havas Content printed form Havas - The Download - https://download.havas.com/posts/a-new-yorker-in-dusseldorf-a-humbling-experience/
Ideas

A New Yorker in Düsseldorf: A Humbling Experience

A New Yorker in Düsseldorf: A Humbling Experience

Sarah Roach

Sarah Roach

July 18, 2018

Havas Düsseldorf's Sarah Roach shares a couple of crucial expat lessons.

LBB Online

By Sarah Roach
Senior Copywriter, Havas Düsseldorf

July 12, 2018

We open on a 30-something American woman walking into the lobby of a German advertising agency. It’s her first day at a new job, and we can tell by her face that she’s excited but anxious, if not totally overwhelmed.

As soon as she enters, her eyes open wide. Pan over to see an enormous breakfast spread full of all different types of meats and cheeses and spreads and bread. So. Much. Bread.

Suddenly, an amiable young man comes up to the woman, his blue eyes making very direct contact with hers.

MAN: Guten morgen! You’re the new senior texter, right?

Cut to a close shot of the woman’s face as her eyes get even wider.

WOMAN: Uh, ja?

***

Thus began my expatriate journey as a copywriter (er, texter) from New York who somehow found herself in Düsseldorf. I’m now five months in, slightly less awestruck, and completely addicted to carbs. That overwhelming first day, and every day since, my adopted country has found some way to remind me: sit down, be humble. That’s nothing new, of course. Whether it’s ‘constructive’ criticism or dead ideas strewn across a pitch room, the creative process is an endlessly humbling experience for everyone involved. Being an expat simply amplifies that.

When I stepped off the plane in mid-February, it was actually the first time I’d ever set foot in Germany. Adventurous or insane: take your pick. I was feeling quite bold and fearless upon arrival, but the reality of moving to a place I knew nothing about quickly set in. At the end of my first month on the job, I wasn’t even sure I’d get paid, the process of opening a bank account is one of many unexpected challenges. (In the US, banks roll out the red carpet. Here, letting someone hold onto all your money is a privilege, not a right.)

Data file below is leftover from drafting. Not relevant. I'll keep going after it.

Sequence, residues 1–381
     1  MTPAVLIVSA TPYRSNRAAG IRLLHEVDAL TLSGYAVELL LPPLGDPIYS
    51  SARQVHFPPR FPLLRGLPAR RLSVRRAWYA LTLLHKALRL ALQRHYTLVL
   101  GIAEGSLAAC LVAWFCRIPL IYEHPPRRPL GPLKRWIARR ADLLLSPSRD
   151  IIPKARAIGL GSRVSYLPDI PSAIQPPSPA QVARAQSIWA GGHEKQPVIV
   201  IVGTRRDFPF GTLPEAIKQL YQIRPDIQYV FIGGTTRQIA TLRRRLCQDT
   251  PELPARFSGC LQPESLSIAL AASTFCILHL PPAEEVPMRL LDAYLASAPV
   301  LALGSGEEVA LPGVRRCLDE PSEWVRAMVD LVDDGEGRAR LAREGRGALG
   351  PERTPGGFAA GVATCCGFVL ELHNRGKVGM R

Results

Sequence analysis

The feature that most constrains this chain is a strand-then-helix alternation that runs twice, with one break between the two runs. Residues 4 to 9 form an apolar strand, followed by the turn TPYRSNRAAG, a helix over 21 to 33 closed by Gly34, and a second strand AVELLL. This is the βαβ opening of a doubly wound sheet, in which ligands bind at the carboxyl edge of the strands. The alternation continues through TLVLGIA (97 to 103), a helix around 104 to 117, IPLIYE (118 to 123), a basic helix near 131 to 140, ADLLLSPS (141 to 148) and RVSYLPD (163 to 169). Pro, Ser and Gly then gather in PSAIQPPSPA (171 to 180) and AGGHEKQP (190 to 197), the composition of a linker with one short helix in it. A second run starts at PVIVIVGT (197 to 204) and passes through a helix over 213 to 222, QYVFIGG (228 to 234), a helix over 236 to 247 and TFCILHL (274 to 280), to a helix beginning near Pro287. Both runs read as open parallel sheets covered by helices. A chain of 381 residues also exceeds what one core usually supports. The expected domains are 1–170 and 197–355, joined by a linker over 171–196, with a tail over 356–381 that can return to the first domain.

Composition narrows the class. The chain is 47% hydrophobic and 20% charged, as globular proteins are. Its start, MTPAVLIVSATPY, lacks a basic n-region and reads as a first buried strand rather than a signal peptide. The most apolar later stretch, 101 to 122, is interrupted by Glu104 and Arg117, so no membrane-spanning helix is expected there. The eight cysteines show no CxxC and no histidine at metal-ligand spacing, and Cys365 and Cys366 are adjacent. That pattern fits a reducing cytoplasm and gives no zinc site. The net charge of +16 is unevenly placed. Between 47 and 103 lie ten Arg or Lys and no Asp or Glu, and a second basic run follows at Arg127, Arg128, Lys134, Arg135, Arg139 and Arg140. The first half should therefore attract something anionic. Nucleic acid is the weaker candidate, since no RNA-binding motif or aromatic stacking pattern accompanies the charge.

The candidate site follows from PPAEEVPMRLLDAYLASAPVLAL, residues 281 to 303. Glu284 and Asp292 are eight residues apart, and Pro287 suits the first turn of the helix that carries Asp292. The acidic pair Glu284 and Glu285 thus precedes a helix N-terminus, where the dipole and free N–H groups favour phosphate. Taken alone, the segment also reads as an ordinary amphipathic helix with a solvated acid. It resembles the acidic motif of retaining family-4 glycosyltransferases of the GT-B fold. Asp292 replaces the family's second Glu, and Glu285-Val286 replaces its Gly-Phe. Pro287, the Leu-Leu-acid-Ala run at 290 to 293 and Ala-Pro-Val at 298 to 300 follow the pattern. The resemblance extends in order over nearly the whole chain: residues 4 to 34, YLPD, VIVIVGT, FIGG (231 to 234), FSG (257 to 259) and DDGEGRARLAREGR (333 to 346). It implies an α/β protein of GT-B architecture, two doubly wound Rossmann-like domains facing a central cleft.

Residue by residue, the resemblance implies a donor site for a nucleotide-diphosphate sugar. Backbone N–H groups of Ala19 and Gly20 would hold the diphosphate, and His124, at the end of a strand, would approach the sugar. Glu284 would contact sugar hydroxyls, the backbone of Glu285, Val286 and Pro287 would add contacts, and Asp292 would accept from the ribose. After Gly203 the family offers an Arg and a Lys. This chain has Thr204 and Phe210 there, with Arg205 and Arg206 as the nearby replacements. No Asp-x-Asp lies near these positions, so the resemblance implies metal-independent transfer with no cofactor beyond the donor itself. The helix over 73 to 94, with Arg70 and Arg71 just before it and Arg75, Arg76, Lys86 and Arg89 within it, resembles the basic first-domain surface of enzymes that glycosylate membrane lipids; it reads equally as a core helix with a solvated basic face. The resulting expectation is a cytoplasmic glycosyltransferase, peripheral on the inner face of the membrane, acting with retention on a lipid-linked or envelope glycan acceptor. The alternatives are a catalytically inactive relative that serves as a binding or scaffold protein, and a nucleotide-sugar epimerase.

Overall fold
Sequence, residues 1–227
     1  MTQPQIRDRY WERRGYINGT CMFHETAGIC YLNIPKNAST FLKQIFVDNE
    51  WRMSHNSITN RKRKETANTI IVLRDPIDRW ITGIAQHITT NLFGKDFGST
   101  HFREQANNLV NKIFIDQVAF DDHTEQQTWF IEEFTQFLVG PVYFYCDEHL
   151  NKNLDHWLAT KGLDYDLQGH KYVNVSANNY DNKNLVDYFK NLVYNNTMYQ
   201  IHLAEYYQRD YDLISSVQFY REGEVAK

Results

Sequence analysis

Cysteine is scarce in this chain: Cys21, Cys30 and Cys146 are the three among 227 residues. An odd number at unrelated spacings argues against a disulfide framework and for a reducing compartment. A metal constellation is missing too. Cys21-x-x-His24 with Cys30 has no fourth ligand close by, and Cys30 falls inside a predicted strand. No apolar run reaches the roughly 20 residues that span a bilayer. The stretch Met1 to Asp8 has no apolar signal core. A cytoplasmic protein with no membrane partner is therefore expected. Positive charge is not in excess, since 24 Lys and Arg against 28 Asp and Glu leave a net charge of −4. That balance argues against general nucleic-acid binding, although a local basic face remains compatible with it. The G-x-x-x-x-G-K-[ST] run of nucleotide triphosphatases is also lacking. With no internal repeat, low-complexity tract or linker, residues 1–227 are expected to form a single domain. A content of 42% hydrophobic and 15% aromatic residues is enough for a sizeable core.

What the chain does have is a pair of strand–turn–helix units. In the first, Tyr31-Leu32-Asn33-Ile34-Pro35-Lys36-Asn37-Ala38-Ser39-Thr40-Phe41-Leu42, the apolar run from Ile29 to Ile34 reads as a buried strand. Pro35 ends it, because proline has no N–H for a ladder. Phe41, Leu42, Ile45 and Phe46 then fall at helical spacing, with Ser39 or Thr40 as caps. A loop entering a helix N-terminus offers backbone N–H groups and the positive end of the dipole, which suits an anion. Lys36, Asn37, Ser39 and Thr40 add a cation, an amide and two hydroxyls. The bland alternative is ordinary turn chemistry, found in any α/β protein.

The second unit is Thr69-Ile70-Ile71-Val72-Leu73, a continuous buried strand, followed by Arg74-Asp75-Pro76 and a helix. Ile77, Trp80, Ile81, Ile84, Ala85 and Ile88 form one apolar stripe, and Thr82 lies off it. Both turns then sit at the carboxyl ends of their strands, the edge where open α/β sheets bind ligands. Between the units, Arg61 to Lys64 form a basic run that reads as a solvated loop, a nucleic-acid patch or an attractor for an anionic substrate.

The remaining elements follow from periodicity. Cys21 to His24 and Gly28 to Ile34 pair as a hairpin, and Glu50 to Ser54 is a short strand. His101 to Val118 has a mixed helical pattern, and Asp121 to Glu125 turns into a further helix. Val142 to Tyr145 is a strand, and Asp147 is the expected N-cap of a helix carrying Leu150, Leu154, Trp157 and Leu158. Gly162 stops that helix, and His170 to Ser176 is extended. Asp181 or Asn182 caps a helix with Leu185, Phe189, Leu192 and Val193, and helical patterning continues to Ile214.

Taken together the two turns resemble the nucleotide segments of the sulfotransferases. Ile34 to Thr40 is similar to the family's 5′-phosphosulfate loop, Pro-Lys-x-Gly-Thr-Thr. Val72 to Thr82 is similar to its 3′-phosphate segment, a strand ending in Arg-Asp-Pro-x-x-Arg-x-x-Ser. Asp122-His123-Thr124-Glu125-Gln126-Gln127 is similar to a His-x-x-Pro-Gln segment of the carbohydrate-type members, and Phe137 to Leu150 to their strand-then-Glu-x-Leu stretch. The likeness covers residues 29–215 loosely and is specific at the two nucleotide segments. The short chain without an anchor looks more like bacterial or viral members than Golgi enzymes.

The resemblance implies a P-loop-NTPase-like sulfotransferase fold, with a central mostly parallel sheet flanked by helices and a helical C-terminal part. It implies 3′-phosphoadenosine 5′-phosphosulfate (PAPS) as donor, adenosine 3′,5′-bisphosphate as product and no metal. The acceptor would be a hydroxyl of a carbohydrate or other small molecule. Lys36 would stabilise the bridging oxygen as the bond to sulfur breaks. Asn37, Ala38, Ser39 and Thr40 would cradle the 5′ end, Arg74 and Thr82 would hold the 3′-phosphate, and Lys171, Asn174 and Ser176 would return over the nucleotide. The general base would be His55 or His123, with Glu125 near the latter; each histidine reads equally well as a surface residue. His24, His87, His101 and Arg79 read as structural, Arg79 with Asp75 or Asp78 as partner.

In addition to being a Senior Fish-Out-of-Water, I’m the agency’s only native English writer, and I regularly I get asked to edit something (“I’m sure you can make it sound perfectly natural. By noon?”) or provide a voiceover scratch track (“Because, you know, you sound like Hollywood.”) Having such a unique role could make one feel a bit cocky, but then one goes to lunch and needs co-workers to explain the menu like one is a child. Maybe one should sit down and be humble.

 

Read the full article.

LBB Online

By Sarah Roach
Senior Copywriter, Havas Düsseldorf

July 12, 2018

We open on a 30-something American woman walking into the lobby of a German advertising agency. It’s her first day at a new job, and we can tell by her face that she’s excited but anxious, if not totally overwhelmed.

As soon as she enters, her eyes open wide. Pan over to see an enormous breakfast spread full of all different types of meats and cheeses and spreads and bread. So. Much. Bread.

Suddenly, an amiable young man comes up to the woman, his blue eyes making very direct contact with hers.

MAN: Guten morgen! You’re the new senior texter, right?

Cut to a close shot of the woman’s face as her eyes get even wider.

WOMAN: Uh, ja?

***

Thus began my expatriate journey as a copywriter (er, texter) from New York who somehow found herself in Düsseldorf. I’m now five months in, slightly less awestruck, and completely addicted to carbs. That overwhelming first day, and every day since, my adopted country has found some way to remind me: sit down, be humble. That’s nothing new, of course. Whether it’s ‘constructive’ criticism or dead ideas strewn across a pitch room, the creative process is an endlessly humbling experience for everyone involved. Being an expat simply amplifies that.

When I stepped off the plane in mid-February, it was actually the first time I’d ever set foot in Germany. Adventurous or insane: take your pick. I was feeling quite bold and fearless upon arrival, but the reality of moving to a place I knew nothing about quickly set in. At the end of my first month on the job, I wasn’t even sure I’d get paid, the process of opening a bank account is one of many unexpected challenges. (In the US, banks roll out the red carpet. Here, letting someone hold onto all your money is a privilege, not a right.)

In addition to being a Senior Fish-Out-of-Water, I’m the agency’s only native English writer, and I regularly I get asked to edit something (“I’m sure you can make it sound perfectly natural. By noon?”) or provide a voiceover scratch track (“Because, you know, you sound like Hollywood.”) Having such a unique role could make one feel a bit cocky, but then one goes to lunch and needs co-workers to explain the menu like one is a child. Maybe one should sit down and be humble.

 

Read the full article.

Sarah has comprehensive experience creating campaigns for many different types of clients, from small advocacy groups to major global brands.

contact our office

Call:

Stop by:

Connect: